20. Bernnie Federko

    Bernnie Federko TRIBE Member

    Retail rates will fluctuate then race to the bottom. I ain't worried about that.

    Send me that scrilla dough for the bridge, bro!
  21. Bernnie Federko

    Bernnie Federko TRIBE Member

  22. Bernnie Federko

    Bernnie Federko TRIBE Member

    OTTAWA/TORONTO (Reuters) - The Bank of Canada is walking a tightrope to its next rate decision, trying to rein in a Canadian dollar that has popped higher in the wake of back-to-back rate hikes - without jawboning the currency too explicitly.

    While talking down the currency risks upsetting the bank’s G20 peers, rapid appreciation of the loonie could put the brakes on the country’s economy just as it gains momentum.

    The currency has risen 9 percent against the greenback this year. It jumped 2.5 cents after an unexpected Sept. 6 rate hike and bank statement that said the loonie’s appreciation reflected economic strength.

    Markets took the language to mean policymakers were comfortable with a stronger Canadian dollar, even though it hurts already anemic exports. Deputy Governor Tim Lane moved to mitigate that view on Monday, saying the bank was closely watching currency strength and would take “that into account pretty strongly” in its decisions.

    Lane’s words did the job, erasing nearly all of the gains the loonie made in the wake of the rate hike.

    All eyes are now on Governor Stephen Poloz’s speech next Wednesday, with the market expecting him to keep the dollar in check without opening himself to charges from global peers that he’s manipulating the currency.

    “The 2.5 cent (jump) is not something any central bank wants to see. They don’t ever want to wrong-foot the market in that kind of way,” said Michael Goshko, corporate risk manager at Western Union Business Solutions.

    “The market will expect Poloz to clarify this concern even further, as the head of the bank.”

    The September rate rise followed one at the preceding meeting in July, Canada’s first hike since 2010. Raising rates at consecutive meetings has only spurred expectations for another increase in October.

    This is a trend the central bank will not want and that Poloz could help break.

    The urgency conveyed by the bank’s back-to-back rate hikes suggested the bank may believe it is behind the curve on tackling inflation, said Adam Button, currency analyst at ForexLive. If it signals that concern, the currency is likely to rise further as markets price in more rate hikes.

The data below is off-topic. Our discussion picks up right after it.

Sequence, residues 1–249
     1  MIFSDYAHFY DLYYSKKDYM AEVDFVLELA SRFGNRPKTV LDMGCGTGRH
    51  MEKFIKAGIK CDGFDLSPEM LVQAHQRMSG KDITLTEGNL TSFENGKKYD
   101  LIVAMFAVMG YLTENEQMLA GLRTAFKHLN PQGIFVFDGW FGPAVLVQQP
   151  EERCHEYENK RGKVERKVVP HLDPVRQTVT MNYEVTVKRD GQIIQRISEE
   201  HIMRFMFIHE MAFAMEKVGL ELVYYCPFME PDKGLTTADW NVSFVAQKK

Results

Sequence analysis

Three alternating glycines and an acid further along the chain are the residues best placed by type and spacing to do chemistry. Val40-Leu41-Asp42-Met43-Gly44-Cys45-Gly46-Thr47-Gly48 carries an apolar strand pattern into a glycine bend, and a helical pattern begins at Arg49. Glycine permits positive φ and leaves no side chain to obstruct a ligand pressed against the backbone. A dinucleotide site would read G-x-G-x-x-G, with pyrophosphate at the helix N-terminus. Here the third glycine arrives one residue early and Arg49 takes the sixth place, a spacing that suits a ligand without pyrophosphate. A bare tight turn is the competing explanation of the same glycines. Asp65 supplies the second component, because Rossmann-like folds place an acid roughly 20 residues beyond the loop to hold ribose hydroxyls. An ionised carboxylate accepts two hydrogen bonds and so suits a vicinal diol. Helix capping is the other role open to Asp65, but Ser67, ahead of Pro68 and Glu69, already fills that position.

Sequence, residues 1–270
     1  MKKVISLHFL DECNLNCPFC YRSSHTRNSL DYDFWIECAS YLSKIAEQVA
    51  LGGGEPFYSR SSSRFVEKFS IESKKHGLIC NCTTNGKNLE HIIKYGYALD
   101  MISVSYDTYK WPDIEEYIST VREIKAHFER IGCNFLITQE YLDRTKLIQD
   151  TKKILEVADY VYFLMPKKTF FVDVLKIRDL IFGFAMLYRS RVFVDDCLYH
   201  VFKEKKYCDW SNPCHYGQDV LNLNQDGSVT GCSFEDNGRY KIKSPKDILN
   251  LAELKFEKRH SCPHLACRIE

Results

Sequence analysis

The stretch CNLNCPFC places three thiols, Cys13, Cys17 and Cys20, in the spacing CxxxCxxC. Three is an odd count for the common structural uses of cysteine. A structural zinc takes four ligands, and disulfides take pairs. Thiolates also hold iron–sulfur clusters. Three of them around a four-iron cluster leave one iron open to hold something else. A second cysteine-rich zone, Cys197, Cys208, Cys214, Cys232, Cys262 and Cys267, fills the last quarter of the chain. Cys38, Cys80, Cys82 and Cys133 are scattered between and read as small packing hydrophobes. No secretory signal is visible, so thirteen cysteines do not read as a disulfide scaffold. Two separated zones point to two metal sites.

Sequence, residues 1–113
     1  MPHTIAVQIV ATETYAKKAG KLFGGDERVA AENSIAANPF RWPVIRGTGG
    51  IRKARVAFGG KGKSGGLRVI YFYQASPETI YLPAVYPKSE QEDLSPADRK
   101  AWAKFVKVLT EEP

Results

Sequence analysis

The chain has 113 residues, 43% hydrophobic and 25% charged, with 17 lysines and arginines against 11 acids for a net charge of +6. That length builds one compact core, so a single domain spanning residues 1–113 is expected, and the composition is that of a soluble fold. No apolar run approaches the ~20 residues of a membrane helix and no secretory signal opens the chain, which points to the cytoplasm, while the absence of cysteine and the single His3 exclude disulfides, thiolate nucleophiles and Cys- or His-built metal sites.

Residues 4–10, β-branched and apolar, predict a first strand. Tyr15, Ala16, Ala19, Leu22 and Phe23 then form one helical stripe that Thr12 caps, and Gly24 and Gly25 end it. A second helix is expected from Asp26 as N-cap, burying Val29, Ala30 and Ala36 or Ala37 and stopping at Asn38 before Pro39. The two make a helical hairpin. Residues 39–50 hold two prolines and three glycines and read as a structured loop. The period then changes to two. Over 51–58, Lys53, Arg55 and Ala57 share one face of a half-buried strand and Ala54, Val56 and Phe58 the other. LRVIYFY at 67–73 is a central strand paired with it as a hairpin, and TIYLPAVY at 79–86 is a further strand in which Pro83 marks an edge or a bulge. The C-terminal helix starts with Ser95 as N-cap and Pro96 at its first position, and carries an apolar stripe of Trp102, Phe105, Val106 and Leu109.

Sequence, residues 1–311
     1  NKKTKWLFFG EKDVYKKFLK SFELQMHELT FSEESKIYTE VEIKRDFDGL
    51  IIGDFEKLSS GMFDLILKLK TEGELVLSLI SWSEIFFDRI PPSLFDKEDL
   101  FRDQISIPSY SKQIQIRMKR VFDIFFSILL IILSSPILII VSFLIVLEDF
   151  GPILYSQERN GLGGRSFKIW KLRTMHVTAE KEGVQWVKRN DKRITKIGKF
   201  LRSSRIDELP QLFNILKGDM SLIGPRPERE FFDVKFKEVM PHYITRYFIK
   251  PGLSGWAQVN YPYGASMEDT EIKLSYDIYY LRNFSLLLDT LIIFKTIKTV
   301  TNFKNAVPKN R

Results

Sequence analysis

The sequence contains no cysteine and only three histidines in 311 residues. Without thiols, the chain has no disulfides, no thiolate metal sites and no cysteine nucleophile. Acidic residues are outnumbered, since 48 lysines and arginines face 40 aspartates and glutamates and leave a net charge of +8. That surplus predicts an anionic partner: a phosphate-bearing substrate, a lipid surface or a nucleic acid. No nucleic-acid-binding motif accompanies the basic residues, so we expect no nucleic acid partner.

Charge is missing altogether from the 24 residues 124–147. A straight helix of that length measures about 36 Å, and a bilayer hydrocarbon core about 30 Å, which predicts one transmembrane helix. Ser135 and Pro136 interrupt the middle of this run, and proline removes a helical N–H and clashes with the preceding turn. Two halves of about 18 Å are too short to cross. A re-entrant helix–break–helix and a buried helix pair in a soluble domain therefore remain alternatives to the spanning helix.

Economic data released on Friday showed inflation ticked up in August, suggesting the bank has room to lift rates further.

    Keeping a lid on the currency is important for the bank, with a stronger dollar making Canadian goods more expensive abroad. Weaker exports will dampen economic growth.

    The bank is more worried about the speed of the currency’s rise than its actual level, said Hendrix Vachon, senior economist at Desjardins.

    But Canada and its G20 peers have agreed not to manipulate their currencies to gain competitive ground, and the issue has cropped up in the current NAFTA renegotiations. So Poloz and his colleagues have to choose their words carefully, even if analysts say there is more scope to address the issue outside of a policy statement.

    “What’s agreed amongst the (G20) club is, you don’t talk about levels. You are slightly forgiven for verbally intervening if you’ve had excessive volatility,” said Greg Anderson, global head of foreign exchange strategy at BMO Capital Markets.
  23. Bernnie Federko

    Bernnie Federko TRIBE Member

  24. Bernnie Federko

    Bernnie Federko TRIBE Member

  25. CiG

    CiG TRIBE Member

    Scrolling through the news stream today after seeing the rate announcement. I saw the following that nicely describes the financial status of Canadians.


    Edit, on top of that we are buying used fighter jets from Australia.
    Bernnie Federko likes this.